TOKYO • Airbnb Inc is finally getting the green light to do business in Japan after years of operating in grey areas of the law.
Prime Minister Shinzo Abe's Cabinet has approved rules that limit home-sharing by private citizens to 180 days a year, according to the final draft of the legislation. The Bill, which also leaves room for the local authorities to impose their own restrictions, is now submitted for approval by Japan's Parliament.
Airbnb, which just closed a US$1 billion (S$1.42 billion) funding round that valued the company at US$31 billion, has found a more receptive audience in Japan, compared with the clashes it had with municipal governments in New York, Barcelona and its hometown of San Francisco.
A tourism boom has cut into the supply of available hotel rooms and helped make Japan Airbnb's fastest-growing market. Overseas visitors will probably continue to set records as Japan prepares to host the Rugby World Cup in 2019 and the Olympic Games the following year.
"What's important is that there will now be clear rules governing home-sharing," said Ms Mika Yamamoto, public policy manager for Airbnb in Japan. "The impact on people will vary depending on their position."
The new legislation, which still needs to pass Japan's Diet, distinguishes between those who share their own dwellings and absentee landlords, anticipating that the latter are more likely to be the source of friction in neighbourhoods.
While Airbnb does not break down its 48,000 listings in Japan by type, a search on its site shows hundreds of houses available for rent, as opposed to rooms in occupied homes. About 90 per cent of hosts who are not present on the premises said the 180-day restriction would make their businesses unfeasible, according to a survey by the Japan Association of New Economy last year.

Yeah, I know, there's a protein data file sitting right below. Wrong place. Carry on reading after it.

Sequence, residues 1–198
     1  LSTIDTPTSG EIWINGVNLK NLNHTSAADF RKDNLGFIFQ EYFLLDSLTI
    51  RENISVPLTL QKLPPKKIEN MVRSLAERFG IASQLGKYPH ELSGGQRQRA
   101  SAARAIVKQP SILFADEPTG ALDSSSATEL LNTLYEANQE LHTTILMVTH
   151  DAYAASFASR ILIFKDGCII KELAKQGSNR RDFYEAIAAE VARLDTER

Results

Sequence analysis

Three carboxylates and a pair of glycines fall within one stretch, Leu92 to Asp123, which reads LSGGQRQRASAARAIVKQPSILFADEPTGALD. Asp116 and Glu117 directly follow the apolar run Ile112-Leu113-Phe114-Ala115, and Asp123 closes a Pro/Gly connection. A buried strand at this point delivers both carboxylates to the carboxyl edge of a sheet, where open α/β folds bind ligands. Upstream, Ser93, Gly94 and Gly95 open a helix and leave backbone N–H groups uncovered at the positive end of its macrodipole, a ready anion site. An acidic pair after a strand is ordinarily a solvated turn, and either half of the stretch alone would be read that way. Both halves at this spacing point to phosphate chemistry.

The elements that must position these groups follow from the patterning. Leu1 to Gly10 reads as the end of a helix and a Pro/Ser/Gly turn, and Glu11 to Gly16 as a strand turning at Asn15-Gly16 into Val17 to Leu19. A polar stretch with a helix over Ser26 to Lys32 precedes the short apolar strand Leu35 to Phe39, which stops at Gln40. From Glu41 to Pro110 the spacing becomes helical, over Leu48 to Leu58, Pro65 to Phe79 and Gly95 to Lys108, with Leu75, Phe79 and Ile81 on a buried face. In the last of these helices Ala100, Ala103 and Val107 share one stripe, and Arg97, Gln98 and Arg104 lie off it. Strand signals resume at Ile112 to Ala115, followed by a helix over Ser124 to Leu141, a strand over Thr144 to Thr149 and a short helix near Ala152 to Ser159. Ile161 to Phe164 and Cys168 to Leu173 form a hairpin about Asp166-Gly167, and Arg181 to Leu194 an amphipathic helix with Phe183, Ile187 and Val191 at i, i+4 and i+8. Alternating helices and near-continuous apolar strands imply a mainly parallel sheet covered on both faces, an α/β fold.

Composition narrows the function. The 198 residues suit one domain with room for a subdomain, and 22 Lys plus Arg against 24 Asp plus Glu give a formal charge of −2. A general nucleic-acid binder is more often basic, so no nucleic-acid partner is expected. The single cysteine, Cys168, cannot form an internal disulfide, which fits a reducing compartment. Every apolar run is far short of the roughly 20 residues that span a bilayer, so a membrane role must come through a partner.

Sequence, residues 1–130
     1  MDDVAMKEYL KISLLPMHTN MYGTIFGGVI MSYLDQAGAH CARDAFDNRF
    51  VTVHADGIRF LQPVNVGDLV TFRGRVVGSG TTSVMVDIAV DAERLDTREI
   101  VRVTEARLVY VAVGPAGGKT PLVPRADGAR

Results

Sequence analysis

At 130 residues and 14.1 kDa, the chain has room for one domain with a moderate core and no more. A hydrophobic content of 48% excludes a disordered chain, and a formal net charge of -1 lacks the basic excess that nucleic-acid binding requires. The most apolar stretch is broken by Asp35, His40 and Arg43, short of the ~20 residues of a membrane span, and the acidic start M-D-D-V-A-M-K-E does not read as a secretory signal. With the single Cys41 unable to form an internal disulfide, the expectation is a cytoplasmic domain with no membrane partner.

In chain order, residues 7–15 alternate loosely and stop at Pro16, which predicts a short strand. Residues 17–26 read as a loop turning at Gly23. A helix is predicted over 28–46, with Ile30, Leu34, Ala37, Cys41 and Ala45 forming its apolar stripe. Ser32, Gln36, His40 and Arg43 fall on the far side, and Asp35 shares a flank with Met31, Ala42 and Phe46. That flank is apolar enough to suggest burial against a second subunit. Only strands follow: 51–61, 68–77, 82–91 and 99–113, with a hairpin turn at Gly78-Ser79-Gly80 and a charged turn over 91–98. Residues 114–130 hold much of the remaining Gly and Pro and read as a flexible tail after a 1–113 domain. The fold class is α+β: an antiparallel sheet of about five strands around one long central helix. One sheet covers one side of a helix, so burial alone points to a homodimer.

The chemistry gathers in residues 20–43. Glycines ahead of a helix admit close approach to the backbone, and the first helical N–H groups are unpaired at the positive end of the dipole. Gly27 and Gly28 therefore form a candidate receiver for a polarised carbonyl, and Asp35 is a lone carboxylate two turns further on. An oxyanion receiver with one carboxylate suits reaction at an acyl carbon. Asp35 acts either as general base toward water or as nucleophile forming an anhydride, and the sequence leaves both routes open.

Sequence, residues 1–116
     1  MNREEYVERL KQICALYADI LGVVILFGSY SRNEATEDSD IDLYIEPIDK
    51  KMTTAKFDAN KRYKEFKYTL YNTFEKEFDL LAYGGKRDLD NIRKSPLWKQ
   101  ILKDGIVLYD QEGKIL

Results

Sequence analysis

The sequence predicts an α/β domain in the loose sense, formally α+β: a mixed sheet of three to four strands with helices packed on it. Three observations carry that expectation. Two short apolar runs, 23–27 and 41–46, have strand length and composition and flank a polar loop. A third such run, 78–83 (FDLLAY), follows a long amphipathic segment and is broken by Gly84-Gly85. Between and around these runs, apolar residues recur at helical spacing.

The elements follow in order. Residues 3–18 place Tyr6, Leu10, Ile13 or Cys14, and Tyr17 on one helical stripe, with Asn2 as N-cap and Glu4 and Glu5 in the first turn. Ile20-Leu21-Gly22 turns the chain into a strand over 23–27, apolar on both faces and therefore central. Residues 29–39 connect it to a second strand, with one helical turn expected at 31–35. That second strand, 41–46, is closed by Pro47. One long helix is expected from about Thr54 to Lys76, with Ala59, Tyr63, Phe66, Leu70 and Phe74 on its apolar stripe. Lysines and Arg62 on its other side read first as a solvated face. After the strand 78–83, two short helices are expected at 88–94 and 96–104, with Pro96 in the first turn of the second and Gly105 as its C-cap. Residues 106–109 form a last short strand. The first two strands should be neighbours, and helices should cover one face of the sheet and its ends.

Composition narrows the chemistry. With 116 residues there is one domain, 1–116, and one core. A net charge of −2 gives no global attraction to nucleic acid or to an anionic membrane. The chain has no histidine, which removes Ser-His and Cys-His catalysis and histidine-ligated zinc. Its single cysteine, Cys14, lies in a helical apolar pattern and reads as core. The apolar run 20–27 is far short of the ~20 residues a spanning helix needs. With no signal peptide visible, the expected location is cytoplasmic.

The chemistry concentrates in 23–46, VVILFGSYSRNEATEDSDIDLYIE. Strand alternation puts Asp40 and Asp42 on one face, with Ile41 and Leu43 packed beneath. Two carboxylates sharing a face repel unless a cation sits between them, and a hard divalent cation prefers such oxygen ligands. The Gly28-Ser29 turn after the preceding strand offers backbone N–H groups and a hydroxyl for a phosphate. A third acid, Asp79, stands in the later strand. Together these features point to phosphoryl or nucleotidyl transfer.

Airbnb, like its ride-sharing counterpart Uber Technologies, has faced resistance from local authorities around the world. Japan's home-sharing limits are relatively lenient, compared with 90 days in London and 60 days in Amsterdam.
Still, for some hosts in Tokyo, the new rules may force them to choose between giving up a second source of income and committing to becoming a full-time rental property operator. Until now, high occupancy rates in popular neighbourhoods such as Shibuya and Asakusa make it possible to make a profit on rented apartments, prompting people to take a second or third lease. The legislation would require a landlord's permission and an operating licence.
Japan's more lenient laws could be closely watched by the likes of Singapore, which last month made it illegal for home owners to rent out their apartments or rooms for less than six months, unless they have permission from the Urban Redevelopment Authority (URA). Officials will have the right to force their way into homes to check whether residents are renting them out illegally.
But Singapore has left itself some wiggle room by saying the URA is studying the option of creating a new category of private homes that will be allowed for short-term rentals.